Alternate Shipping Minister Thodoros Dritsas stressed that he will not proceed with the sale of shares in Piraeus Port Authority and Thessaloniki Port Authority, since all organisations in both cities disagreed with this policy. Regarding COSCO's presence in Piraeus, he said that every contract signed by Greece with other countries will be respected but that there will be an attempt to renegotiate with COSCO in order to make the deal more beneficial for Greece.
"Our major goal must be to once again link seamanship with Greece," he added.
Outgoing former minister Miltiadis Varvitsiotis thanked his staff at the ministry and said he was proud of the work done at the ministry and, referring to COSCO, urged that relations with China with a renegotiation since they were of strategic importance.
"The CreditWatch placement reflects our view that some of the economic and budgetary policies advocated by the newly elected Greek government, led by the left-wing Syriza party, are incompatible with the policy framework agreed between the previous government and official creditors," the agency said in a press release.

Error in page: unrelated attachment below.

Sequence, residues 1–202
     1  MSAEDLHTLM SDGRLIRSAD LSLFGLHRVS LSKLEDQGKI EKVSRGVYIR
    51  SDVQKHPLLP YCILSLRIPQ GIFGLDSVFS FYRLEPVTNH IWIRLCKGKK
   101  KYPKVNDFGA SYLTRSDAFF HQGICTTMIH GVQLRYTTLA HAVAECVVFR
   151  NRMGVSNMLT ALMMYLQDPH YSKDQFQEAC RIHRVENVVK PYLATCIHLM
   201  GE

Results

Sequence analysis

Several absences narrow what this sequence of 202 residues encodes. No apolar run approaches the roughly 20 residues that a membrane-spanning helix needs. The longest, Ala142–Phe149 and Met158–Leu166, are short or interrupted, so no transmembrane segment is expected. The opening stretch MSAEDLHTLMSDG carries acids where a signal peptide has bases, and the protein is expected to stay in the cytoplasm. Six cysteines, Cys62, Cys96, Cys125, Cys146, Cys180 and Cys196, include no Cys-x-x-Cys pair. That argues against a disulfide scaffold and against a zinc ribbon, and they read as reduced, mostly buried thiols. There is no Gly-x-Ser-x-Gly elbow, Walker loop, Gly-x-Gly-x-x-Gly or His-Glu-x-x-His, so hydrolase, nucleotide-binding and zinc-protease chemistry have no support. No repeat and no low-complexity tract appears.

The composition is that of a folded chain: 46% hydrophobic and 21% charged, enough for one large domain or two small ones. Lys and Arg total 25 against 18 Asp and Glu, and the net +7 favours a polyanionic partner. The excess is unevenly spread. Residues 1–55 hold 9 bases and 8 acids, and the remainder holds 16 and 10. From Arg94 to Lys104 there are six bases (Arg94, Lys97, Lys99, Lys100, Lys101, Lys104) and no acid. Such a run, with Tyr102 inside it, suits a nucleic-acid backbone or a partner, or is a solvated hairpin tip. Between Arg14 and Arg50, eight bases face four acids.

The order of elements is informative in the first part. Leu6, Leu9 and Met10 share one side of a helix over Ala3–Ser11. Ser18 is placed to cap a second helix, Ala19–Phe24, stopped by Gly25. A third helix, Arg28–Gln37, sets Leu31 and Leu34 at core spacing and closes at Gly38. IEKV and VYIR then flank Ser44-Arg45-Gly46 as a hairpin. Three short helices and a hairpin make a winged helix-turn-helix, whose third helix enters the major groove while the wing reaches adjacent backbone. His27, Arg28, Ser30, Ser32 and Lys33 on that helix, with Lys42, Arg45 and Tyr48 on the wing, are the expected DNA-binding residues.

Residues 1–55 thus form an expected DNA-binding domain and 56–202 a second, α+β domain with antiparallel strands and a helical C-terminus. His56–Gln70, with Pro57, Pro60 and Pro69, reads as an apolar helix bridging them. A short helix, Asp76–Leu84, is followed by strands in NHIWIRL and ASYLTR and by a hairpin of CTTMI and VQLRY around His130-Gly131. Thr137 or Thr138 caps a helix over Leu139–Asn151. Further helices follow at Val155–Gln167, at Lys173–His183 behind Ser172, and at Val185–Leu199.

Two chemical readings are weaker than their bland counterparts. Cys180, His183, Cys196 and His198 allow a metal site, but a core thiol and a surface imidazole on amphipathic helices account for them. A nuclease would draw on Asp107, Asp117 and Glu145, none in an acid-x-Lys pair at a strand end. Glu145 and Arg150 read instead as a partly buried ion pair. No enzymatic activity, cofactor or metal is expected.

S&P added that, "In our opinion, if the new Greek government fails to agree with official creditors on further financial support, this would further weaken Greece's creditworthiness."
"We have therefore placed our 'B/B' long- and short-term sovereign credit ratings on Greece on CreditWatch negative. We could lower the ratings if negotiations with the EU, European Central Bank, and International Monetary Fund stall, constraining Greece's ability to service its debt," the announcement concluded.
The treatment has been applied in the past for other FTSE/ATHEX Indices.
In a report, the secretariat-general said that tax and custom agencies' revenue totaled 44.44 billion euros in 2014, from 44.31 billion in 2013, of which tax revenue totaled 32.58 billion euros, up 1.24 pct.
Overdue tax collection totaled 3.68 billion euros in 2014, up 12.8 pct from 2013. The report noted that overdue tax collection grew by more than 20 pct until the end of October but slowed down in the last two months of the year as taxpayers awaited for a more favorable payment scheme by the government.